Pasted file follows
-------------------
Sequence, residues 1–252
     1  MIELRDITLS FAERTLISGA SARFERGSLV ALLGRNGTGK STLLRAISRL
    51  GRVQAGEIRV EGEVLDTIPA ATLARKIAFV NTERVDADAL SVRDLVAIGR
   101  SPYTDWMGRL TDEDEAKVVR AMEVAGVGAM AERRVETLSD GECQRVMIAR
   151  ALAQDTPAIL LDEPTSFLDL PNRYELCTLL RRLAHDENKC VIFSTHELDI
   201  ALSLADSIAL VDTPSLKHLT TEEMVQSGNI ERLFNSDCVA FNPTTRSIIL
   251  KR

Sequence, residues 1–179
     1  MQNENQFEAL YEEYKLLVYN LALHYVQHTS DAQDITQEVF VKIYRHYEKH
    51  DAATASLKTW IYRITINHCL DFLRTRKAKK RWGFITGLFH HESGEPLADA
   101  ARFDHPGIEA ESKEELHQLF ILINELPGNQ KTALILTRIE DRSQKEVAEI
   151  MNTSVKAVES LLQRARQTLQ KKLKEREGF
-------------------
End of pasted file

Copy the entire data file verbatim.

Sequence, residues 1–252
     1  MIELRDITLS FAERTLISGA SARFERGSLV ALLGRNGTGK STLLRAISRL
    51  GRVQAGEIRV EGEVLDTIPA ATLARKIAFV NTERVDADAL SVRDLVAIGR
   101  SPYTDWMGRL TDEDEAKVVR AMEVAGVGAM AERRVETLSD GECQRVMIAR
   151  ALAQDTPAIL LDEPTSFLDL PNRYELCTLL RRLAHDENKC VIFSTHELDI
   201  ALSLADSIAL VDTPSLKHLT TEEMVQSGNI ERLFNSDCVA FNPTTRSIIL
   251  KR

Sequence, residues 1–179
     1  MQNENQFEAL YEEYKLLVYN LALHYVQHTS DAQDITQEVF VKIYRHYEKH
    51  DAATASLKTW IYRITINHCL DFLRTRKAKK RWGFITGLFH HESGEPLADA
   101  ARFDHPGIEA ESKEELHQLF ILINELPGNQ KTALILTRIE DRSQKEVAEI
   151  MNTSVKAVES LLQRARQTLQ KKLKEREGF